Named after the race of women warriors from Greek mythology, the Dahomey Amazons were an all-female military regiment in the Kingdom of Dahomey, now present-day Benin.
Reportedly assembled in the mid-to-late 1600s, the Amazons were known for their indifference to pain and fierceness in battle, as well as having great socio-political influence over their kingdom. To protect and enrich their own empire, there were periods when the Amazons cooperated with European colonialists, selling captured enemies from regional scuffles in exchange for weaponry and goods.
By the mid-1800s, they numbered between 1,000 to 6,000 women. When the French invaded Dahomey in 1892, the Amazons put up an aggressive resistance. Afterward, the French soldiers noted their “incredible courage and audacity” in combat, as cited by the African American Registry, an online consortium of Black history educators.
Fierce battling between the Amazons and Europeans continued, but the African female warriors were eventually outnumbered and outgunned and, within a few years, they were largely wiped-out.
While the Amazons were certainly powerful fighters, Leonard Wantchekon, a professor of politics and international affairs at Princeton University, argues it's important to look beyond the shock value of their female warrior status when considering the Amazons’ legacy in history.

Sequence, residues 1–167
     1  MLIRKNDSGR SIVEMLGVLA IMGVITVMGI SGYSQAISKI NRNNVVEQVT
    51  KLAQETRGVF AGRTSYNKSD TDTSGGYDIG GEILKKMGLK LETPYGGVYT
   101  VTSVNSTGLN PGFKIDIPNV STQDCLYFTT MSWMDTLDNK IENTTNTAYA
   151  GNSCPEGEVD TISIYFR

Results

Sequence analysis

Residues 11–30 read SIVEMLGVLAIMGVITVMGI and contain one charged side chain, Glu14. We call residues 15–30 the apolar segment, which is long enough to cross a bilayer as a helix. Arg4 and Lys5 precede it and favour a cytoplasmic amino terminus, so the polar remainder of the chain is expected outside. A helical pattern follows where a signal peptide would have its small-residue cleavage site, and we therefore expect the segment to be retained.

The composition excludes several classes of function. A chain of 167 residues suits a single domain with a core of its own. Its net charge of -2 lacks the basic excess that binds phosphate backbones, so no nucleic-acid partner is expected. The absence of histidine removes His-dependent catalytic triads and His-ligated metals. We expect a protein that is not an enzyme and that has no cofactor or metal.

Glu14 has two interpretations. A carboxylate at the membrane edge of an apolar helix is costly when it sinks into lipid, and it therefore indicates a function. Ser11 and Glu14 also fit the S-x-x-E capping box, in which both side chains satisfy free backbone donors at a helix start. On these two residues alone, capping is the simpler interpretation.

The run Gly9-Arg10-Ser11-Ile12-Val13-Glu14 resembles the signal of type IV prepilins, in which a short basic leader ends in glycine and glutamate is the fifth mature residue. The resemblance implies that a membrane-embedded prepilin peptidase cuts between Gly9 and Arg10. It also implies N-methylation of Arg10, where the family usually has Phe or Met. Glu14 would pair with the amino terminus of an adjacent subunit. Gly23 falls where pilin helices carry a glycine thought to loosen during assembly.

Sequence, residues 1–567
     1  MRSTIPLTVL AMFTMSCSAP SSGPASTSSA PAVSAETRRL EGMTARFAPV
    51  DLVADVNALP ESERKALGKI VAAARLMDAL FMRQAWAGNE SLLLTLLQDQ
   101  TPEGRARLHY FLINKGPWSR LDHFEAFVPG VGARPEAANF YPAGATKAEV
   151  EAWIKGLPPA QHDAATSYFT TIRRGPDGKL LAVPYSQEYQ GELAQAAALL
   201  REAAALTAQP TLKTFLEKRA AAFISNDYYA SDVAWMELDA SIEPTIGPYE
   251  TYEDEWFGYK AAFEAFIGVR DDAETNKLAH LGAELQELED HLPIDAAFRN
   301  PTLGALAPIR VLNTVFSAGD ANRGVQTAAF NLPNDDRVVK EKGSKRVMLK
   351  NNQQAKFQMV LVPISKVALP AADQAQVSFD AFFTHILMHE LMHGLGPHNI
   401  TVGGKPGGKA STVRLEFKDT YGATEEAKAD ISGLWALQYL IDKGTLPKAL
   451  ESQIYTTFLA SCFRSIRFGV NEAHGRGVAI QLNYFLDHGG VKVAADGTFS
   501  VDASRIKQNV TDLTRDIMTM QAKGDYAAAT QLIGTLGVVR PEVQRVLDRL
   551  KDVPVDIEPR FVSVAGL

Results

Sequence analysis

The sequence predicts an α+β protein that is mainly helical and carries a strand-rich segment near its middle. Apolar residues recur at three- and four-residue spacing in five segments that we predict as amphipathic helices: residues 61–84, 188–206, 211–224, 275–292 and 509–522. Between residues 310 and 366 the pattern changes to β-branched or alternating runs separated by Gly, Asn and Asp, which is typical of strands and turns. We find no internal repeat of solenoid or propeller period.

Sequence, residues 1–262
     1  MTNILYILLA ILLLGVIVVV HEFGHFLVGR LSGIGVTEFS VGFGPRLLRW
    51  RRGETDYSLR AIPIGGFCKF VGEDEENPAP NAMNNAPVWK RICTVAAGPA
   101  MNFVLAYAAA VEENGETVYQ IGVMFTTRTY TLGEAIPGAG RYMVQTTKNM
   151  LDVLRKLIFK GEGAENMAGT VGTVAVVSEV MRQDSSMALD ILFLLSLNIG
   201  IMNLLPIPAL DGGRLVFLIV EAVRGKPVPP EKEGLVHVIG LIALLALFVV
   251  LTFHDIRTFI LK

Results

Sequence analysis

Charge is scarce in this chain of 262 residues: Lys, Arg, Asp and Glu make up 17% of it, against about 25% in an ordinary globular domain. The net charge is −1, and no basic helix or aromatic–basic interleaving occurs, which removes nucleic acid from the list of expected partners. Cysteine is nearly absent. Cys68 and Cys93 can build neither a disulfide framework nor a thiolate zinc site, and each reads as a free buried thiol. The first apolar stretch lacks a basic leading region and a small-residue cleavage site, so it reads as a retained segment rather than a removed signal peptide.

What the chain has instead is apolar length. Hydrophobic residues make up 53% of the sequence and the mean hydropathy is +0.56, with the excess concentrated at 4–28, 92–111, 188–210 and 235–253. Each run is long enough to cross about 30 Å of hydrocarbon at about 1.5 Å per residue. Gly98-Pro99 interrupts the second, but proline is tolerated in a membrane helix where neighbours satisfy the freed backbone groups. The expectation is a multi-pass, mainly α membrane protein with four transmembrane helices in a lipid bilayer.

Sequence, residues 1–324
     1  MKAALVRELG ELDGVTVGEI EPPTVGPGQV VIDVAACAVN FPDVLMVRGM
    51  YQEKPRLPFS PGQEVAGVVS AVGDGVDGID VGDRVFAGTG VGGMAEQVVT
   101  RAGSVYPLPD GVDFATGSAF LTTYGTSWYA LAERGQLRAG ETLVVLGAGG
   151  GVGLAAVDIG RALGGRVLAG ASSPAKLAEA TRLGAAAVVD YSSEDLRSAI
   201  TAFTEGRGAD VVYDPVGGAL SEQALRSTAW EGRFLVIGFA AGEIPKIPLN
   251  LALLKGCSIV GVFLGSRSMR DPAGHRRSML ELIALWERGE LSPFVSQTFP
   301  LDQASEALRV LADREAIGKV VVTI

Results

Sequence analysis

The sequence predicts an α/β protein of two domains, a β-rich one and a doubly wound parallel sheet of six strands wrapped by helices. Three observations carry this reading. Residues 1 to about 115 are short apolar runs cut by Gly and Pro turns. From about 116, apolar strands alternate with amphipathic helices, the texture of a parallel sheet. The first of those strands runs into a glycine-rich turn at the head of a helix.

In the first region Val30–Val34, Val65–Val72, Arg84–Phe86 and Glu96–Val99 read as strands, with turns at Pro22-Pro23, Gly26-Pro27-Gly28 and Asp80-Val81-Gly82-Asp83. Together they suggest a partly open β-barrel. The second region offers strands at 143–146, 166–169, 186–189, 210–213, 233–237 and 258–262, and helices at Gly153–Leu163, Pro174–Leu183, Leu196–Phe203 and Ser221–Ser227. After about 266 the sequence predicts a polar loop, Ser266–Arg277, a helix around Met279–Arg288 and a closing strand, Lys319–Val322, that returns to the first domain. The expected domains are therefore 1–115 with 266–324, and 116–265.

“The most important feature of the Amazons was not that they could kill like men,” says Wantchekon, a Benin native. “They were also regular people with regular lives, as well as well-respected cultural and political leaders in their communities.”
There is a widespread misconception that gender equity is a western value, adds Wantchekon, when in fact, European colonization was a detriment to women’s rights in Benin, where the French disassembled the Amazons and banned female education and political leadership.
“When we push back against this misconception and embrace the culture of gender equality that was thriving in Benin and places like it before colonization,” Wantchekon adds, “it is a way to embrace the legacy of this exceptional group of African female leaders that European history tried so hard to erase.”